Part 2: Conditioning Leather Seats
Clean, Rub and Buff with a Good Quality Product (part 2)
Conditioning leather: choose a water-based, pH neutral conditioner. Don't skimp here! Purchase ahigh-quality leather conditioner that does not contain silicone, petroleum distillates or waxes. The purpose of using a leather conditioner is to replenish the natural oils; choose one with top-quality ingredients. Cheaper leather conditioners may leave have a greasy finish.
Perform a spot test!!! (see part 1 from yesterday; do not take a chance ruining your leather or any part of your car!) Always spot check, check with your owner's manual and use less not more and be very cautious with perforated seat covers. Always follow the advice of the cleaning product manufacture and that of your owner's manual.
Condition your seats. Apply the conditioner to the seats and again be cautious about stitching (see part 1). Use a dollar store micro-fiber cloth or a sponge to gently massage or rub it into the leather. Use less not more or run the risk of making the seats feel greasy or slippery. If you do use too much cleaner, keep wiping with clean micro-fiber clothes. This is not a waste, safe them, wash them and they can be used over and over again.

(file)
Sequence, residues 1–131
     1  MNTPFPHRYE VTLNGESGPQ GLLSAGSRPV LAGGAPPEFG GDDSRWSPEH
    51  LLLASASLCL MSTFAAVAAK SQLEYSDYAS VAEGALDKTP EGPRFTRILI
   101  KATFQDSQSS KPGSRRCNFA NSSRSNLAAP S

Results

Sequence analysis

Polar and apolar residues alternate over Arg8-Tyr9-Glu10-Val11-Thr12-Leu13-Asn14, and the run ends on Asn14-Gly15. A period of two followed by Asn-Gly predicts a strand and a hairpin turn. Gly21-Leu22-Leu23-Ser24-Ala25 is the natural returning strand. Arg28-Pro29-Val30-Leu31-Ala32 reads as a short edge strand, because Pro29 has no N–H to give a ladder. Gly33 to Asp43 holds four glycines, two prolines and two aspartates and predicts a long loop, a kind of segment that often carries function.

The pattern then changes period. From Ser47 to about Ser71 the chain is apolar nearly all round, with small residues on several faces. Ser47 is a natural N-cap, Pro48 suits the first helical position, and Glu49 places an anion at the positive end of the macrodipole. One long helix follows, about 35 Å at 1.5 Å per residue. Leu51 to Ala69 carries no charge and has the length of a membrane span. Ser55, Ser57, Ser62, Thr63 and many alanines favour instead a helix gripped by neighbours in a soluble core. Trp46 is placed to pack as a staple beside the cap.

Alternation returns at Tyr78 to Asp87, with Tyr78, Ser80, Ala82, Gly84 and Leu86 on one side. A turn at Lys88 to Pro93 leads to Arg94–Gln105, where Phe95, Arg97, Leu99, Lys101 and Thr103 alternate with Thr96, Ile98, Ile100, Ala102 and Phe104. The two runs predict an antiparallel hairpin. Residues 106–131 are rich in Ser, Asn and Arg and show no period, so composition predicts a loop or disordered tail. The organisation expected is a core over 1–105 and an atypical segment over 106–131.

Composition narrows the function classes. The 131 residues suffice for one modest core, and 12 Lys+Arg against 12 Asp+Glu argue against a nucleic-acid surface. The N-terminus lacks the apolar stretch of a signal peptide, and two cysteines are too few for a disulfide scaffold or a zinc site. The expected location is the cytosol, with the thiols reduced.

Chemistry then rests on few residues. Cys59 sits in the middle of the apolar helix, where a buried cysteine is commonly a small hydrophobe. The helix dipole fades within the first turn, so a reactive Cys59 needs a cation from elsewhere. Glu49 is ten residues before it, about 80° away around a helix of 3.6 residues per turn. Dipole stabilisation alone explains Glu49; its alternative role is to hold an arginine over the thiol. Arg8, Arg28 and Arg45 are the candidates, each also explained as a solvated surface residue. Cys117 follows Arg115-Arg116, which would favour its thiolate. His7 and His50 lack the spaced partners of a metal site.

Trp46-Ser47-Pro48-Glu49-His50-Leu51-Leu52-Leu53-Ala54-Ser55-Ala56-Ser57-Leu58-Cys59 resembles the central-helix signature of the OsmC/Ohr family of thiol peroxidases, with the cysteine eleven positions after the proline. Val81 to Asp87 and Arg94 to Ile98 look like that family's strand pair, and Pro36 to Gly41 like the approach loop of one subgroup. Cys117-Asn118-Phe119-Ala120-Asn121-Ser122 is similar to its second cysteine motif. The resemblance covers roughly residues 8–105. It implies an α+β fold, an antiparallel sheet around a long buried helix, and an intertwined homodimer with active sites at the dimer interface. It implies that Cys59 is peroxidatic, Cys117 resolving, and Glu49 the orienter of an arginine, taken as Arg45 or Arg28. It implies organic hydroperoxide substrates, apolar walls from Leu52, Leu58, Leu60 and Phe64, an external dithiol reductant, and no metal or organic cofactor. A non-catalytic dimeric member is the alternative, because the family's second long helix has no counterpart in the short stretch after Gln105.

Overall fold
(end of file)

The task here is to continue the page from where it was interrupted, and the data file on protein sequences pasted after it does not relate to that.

Park your car in your garage overnight or under a tree: NO SUNLIGHT for at least 24 hours! Let the conditioner do its work without the damaging rays of sunlight. Let the conditioner sit for a minimum of one hour....the longer the better.
Buff your seats. Once the conditioner has had a chance to do its job, take a clean dry micro-fiber cloth and polish the seats. Use circular motions and take care to wipe up excess conditioner. Keep changing to clean dry clothes if needed.
· => Don't over-condition your leather seats. Most seats only need conditioning treatment a few times a year. Avoid parking in the sun when you can as those UV rays can really dry out leather.